The proliferation of technology-based, distance education courses has prompted two UBC studies looking into their effectiveness.
"Lots of people have taken the plunge into using new technologies for teaching, but we only now have enough examples of regular programming to evaluate what their impact is on learners," says Tony Bates, director of Distance Education and Technology at UBC Continuing Studies.
Bates, along with colleagues Starr Owen and Silvia Bartolic-Zlomislic, is directing a cost-benefit analysis of new communication technologies as well as a study of how adult learners respond to technology-based teaching.
The results of the two-year research projects will assist course developers in identifying design issues, technology support requirements and costs to students.
Bates says the adult learning study will answer questions such as whether there are gender-based differences in technology-based learning.
"Do these course delivery methods appeal to women due to greater flexibility or will these methods be considered too impersonal?" Bates asks. "This kind of technology isn't suitable for everybody so what we're trying to do is sort out who it is most appropriate for."
The adult learning project, funded by the federal government's Office of Learning Technologies, will involve 20 case studies of higher education courses at UBC, the University of Victoria, Simon Fraser University, the Open Learning Agency and a consortium of B.C. Community Skills Centres. Researchers will use a mix of questionnaires and interviews with students and faculty for the project. Each case study will involve at least 50 students who will discuss their experiences with face-to-face and print-based courses as well as those with a technology component.
The cost-benefit analysis study, federally funded under the $13.5-million Network of Centres of Excellence (NCE) TeleLearning, will focus on six of 26 NCE TeleLearning projects across Canada. The NCE projects, managed out of SFU, are examining new ways of teaching using on-line technologies like the Internet.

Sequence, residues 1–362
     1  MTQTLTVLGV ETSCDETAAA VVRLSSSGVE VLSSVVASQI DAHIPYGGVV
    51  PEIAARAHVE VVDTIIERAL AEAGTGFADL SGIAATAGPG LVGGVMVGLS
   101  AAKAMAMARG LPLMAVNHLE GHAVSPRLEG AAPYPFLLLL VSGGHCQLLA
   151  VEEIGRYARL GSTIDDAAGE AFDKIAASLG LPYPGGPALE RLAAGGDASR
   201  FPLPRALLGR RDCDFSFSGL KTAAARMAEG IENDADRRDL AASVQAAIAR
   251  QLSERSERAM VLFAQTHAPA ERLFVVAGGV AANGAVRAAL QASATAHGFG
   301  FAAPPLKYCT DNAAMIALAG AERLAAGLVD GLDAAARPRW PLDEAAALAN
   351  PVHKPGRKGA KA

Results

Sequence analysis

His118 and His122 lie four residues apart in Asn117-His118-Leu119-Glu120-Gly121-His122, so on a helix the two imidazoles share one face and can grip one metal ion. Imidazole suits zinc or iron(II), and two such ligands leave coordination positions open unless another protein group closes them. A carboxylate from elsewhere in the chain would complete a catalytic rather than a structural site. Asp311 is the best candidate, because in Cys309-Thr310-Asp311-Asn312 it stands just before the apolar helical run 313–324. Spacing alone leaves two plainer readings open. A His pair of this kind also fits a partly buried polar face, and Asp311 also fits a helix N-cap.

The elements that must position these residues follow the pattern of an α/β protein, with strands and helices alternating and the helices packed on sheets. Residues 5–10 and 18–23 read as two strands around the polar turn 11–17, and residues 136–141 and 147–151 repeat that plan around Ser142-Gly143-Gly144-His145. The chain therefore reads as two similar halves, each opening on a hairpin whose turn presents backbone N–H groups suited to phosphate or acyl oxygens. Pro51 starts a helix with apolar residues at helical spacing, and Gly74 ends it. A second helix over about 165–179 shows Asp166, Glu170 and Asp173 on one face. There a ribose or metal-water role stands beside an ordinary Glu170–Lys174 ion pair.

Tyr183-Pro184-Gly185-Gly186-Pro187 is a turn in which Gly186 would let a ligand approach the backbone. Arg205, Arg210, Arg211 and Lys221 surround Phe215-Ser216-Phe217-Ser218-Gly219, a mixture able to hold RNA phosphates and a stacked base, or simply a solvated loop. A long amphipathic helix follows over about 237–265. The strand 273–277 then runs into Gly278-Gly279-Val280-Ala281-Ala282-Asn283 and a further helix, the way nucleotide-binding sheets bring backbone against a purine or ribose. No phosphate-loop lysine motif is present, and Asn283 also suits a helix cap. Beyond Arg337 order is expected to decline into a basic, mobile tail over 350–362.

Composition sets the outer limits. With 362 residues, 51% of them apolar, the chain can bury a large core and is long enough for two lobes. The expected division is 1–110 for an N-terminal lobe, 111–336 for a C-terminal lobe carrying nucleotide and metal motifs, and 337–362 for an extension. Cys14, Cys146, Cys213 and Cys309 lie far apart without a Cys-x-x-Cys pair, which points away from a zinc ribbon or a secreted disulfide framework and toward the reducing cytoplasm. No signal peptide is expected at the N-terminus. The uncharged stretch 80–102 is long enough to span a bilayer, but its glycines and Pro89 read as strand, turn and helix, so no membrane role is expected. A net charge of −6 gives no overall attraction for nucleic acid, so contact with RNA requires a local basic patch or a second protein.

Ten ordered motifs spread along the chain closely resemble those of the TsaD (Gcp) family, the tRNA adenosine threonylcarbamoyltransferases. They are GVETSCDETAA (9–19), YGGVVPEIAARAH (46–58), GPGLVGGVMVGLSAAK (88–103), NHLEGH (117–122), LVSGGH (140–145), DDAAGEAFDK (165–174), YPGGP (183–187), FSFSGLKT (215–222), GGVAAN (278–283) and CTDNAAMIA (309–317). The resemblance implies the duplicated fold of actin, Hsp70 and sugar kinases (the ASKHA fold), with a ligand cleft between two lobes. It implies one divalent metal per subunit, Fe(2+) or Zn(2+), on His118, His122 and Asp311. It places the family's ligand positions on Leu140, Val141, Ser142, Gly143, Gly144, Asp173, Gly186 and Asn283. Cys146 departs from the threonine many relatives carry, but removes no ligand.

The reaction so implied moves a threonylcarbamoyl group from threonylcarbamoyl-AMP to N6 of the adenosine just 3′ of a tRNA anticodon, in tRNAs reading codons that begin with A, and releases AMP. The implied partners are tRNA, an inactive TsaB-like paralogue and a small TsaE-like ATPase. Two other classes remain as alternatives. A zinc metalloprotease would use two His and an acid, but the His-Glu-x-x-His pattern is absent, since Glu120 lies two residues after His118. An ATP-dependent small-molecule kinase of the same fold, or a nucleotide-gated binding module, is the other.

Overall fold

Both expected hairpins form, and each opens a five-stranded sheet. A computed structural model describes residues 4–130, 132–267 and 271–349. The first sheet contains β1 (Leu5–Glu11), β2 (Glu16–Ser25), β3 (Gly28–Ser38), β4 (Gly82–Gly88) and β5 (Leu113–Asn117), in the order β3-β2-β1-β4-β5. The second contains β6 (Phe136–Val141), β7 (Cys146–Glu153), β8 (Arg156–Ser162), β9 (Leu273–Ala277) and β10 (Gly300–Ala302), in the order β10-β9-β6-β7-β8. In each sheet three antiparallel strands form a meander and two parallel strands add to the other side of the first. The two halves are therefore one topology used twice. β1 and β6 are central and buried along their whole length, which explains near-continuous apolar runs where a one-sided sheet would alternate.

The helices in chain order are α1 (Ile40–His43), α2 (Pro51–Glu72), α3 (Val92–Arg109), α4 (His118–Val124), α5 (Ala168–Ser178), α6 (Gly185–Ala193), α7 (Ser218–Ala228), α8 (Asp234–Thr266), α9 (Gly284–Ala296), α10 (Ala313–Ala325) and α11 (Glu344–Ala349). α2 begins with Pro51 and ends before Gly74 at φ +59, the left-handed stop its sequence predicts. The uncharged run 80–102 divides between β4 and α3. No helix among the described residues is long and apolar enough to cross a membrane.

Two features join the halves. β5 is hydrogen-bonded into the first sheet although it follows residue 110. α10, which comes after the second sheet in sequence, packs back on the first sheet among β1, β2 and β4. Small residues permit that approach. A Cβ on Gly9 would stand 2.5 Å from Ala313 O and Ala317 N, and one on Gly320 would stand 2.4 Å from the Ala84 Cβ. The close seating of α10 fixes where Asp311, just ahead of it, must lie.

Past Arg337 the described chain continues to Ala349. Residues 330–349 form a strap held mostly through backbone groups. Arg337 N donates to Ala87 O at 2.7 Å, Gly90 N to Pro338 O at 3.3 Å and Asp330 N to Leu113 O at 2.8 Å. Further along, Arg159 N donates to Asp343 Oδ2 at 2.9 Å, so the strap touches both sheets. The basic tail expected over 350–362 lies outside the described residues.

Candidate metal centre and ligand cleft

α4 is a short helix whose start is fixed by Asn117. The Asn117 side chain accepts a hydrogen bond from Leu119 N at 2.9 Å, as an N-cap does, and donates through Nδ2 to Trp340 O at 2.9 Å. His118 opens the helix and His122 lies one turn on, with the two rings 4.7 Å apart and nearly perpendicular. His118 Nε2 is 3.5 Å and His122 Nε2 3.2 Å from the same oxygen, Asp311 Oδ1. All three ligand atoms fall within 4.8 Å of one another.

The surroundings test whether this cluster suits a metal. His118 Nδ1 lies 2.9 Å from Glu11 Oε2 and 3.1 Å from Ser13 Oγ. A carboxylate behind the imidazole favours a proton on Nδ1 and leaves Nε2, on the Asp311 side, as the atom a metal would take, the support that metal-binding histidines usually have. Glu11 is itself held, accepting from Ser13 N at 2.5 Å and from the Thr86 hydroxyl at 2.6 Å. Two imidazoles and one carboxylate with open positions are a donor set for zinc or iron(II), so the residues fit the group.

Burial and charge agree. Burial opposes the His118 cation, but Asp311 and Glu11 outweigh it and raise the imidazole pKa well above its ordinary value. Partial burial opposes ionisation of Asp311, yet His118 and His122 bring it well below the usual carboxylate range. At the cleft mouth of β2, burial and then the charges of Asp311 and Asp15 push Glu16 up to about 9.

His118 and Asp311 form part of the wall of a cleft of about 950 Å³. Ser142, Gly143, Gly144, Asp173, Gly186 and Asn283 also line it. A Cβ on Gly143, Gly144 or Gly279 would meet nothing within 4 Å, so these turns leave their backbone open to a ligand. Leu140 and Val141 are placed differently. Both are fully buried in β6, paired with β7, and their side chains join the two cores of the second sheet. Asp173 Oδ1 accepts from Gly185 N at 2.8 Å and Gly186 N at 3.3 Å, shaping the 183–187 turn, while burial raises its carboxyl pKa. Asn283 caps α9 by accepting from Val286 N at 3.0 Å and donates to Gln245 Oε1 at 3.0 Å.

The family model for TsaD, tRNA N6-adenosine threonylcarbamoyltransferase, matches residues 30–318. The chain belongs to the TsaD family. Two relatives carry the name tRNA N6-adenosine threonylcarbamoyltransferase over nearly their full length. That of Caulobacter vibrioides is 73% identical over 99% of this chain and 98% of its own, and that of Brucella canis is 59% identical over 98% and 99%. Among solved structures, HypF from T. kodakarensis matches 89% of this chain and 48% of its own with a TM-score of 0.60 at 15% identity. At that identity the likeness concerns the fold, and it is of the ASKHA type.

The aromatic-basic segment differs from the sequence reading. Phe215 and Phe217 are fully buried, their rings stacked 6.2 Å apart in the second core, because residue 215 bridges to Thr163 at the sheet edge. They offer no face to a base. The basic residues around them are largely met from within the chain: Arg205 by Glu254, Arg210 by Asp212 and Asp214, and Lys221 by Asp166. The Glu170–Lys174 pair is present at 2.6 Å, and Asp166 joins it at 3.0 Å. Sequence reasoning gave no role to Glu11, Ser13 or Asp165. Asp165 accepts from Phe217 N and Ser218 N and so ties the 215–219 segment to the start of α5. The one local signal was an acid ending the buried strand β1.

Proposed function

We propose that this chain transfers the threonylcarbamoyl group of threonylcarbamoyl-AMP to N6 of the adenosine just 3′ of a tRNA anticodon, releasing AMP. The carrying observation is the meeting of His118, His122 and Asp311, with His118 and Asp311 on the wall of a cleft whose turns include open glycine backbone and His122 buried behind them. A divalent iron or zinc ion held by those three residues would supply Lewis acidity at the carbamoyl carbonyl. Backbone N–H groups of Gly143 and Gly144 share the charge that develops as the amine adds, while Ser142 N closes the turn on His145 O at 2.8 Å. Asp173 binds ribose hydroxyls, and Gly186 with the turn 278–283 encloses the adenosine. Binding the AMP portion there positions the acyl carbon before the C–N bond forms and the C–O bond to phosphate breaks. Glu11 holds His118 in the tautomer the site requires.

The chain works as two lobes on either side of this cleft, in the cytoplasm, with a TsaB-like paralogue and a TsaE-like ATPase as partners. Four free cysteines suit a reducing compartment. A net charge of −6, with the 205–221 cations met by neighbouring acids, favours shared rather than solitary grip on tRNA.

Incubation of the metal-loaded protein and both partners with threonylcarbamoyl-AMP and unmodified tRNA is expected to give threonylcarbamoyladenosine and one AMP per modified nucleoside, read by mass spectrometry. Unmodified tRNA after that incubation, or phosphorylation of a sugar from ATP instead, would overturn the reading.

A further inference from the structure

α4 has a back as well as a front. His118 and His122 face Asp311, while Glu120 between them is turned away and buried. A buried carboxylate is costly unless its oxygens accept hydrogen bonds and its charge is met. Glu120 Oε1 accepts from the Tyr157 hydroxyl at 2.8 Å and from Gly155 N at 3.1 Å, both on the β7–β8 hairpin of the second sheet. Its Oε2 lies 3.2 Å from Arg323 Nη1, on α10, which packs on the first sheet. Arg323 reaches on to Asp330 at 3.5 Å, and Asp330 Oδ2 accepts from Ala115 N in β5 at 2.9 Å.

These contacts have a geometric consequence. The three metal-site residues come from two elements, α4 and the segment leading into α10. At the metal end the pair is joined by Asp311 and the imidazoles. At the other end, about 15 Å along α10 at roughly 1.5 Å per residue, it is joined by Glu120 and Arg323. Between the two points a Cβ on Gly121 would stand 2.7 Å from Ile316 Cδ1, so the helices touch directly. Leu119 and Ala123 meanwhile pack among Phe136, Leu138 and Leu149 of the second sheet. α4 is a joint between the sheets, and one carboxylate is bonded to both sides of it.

Says Bates, "There are significant up-front costs associated with developing technology-based learning materials but also great potential for substantial savings such as time away from work. This type of research will provide institutions and companies with a method to ensure their investment pays off."
Bates adds that there are more than 100 technology-based courses offered among the five universities and learning institutions participating in the two studies.
Two years ago, UBC Distance Education and Technology was developing six new courses a year which were mainly print-based with some video and audio support. Today, the UBC Continuing Studies operation develops close to 30 courses yearly, the majority of which are delivered via the World Wide Web and CD- ROM. The latest five-course offering -- a collaborative program on teaching technologies between UBC and the Monterrey Institute of Technology in Mexico -- is offered in both countries over the Internet.
"It's no longer a question of delivery to North Vancouver," says Bates. "It's a matter of going off campus to anywhere in the world."
The studies conducted by Bates and his colleagues are to end in March 1999. Bates says final results and frequent status reports will be shared through publications, conferences and the World Wide Web at research.cstudies.ubc.ca.